Upon my return to the hospital, I found my brother having eaten his lunch and fast asleep in his chair. I sat down next to him for 5 minutes, bored and wondering what I could do to pass the time. I wanted him to wake up; just so we could be bored together in all honesty. Looking around, I noticed that no one else on the ward was paying me much attention. I then spotted three cardboard sick bowls on a table to my left, so I took the opportunity to balance them like a small trilby on top of my brother’s head. I added my car keys on top of them for effect. I had just managed to take a quick photo when one of the nurses came over.

“Erm, are you ok there?” she asked.

“Fine, thanks!” I replied politely. “He won’t mind”. I smiled and removed the sick bowl from his head. She gave me a strange look and then walked off again. Can people not balance things on a cancer patient’s head without being judged anymore?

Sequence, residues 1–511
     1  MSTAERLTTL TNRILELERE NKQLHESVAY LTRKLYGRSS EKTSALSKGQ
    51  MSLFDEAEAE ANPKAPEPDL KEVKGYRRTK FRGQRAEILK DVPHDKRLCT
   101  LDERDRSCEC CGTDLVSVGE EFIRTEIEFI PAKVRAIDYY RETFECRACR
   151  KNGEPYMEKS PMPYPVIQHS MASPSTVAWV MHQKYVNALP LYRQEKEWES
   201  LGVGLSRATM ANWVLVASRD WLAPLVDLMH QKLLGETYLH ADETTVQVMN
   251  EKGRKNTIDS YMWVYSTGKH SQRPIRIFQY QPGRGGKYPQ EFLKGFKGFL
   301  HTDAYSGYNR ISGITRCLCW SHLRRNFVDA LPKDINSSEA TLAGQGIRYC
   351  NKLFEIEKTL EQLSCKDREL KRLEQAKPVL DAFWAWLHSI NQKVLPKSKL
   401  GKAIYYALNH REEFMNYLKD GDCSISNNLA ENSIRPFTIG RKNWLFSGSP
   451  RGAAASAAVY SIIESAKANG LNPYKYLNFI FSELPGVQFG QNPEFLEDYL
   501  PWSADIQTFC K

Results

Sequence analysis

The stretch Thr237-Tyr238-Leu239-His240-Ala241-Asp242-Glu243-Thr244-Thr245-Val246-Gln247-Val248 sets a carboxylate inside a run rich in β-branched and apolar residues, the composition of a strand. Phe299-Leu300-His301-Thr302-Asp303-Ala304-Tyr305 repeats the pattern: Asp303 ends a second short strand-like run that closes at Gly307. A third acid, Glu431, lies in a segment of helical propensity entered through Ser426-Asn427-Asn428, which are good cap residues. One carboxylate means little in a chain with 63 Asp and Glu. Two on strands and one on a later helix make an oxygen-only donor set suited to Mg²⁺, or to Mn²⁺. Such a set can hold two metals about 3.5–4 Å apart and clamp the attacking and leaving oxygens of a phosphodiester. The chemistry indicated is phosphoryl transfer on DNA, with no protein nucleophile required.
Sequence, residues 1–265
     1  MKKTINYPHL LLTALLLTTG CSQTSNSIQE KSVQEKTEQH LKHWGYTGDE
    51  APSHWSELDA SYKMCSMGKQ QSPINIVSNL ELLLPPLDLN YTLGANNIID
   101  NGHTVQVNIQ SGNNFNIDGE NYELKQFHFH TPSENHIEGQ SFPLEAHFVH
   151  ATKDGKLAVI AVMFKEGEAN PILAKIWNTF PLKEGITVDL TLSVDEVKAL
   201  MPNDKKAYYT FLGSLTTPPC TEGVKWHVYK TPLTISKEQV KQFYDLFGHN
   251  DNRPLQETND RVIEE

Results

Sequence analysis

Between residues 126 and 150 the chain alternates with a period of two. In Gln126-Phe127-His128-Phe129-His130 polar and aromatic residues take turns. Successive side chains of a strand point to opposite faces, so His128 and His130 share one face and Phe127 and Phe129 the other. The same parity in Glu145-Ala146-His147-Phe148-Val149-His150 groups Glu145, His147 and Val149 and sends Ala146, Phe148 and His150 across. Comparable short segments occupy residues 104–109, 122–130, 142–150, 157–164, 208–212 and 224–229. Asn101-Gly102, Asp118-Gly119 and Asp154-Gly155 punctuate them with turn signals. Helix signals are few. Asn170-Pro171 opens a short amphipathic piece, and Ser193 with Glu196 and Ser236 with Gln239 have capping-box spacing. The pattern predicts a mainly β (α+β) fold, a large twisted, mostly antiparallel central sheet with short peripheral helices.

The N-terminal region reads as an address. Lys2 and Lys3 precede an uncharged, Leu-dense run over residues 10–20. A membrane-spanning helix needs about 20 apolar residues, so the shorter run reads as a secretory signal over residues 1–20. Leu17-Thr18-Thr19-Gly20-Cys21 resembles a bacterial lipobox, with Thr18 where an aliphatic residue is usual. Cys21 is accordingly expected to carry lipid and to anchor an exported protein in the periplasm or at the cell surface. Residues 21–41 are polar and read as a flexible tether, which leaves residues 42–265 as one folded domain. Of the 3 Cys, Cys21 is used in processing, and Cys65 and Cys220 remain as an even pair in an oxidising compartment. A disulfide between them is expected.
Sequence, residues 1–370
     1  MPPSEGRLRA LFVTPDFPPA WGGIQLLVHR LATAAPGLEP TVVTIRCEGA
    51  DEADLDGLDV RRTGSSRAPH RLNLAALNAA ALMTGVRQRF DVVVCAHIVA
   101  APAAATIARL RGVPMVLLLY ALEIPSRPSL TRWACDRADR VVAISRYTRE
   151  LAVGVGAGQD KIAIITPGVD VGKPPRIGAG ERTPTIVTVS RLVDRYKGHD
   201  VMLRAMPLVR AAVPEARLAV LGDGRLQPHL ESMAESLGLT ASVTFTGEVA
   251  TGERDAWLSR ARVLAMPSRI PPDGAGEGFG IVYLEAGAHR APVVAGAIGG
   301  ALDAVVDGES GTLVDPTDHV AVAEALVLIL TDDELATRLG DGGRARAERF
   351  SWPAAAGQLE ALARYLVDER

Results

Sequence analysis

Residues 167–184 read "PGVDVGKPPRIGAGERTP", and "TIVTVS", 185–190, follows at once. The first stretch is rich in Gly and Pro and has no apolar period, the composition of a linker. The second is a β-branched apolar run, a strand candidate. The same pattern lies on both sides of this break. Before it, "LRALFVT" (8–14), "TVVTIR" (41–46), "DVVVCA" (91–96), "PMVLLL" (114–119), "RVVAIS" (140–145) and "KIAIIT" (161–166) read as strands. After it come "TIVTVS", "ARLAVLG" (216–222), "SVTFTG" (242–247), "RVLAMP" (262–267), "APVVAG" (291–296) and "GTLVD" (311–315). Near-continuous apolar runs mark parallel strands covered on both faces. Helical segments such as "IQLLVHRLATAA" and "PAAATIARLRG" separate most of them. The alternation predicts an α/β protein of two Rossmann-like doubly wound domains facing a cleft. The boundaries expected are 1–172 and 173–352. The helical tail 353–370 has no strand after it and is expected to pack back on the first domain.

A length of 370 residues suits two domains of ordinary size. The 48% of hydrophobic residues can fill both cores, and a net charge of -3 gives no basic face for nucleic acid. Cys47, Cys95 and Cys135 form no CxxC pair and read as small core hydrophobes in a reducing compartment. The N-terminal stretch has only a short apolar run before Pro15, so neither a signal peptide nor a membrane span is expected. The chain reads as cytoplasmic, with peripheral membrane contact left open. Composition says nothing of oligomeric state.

Here is the photo that I managed to take (and this will be the first time my brother knows that this actually happened):

AN UPSIDE DOWN sick bowl, makes an excellent trilby for a skint Pete Doherty wannabee.


JONJO SHELVEY WATCH: 2/10. My brother still hasn’t lost any hair. It’s perhaps a little thinner on the sides but it’s hardly noticeable. He’s a long way off looking like shiny headed wonder, Jonjo Shelvey.

Talking of Shelvey, since I first mentioned him on this blog, he’s gone on to score three goals in the Europa League for Liverpool, as well as winning his first England cap, when he came off the bench to feature in their game against San Marino.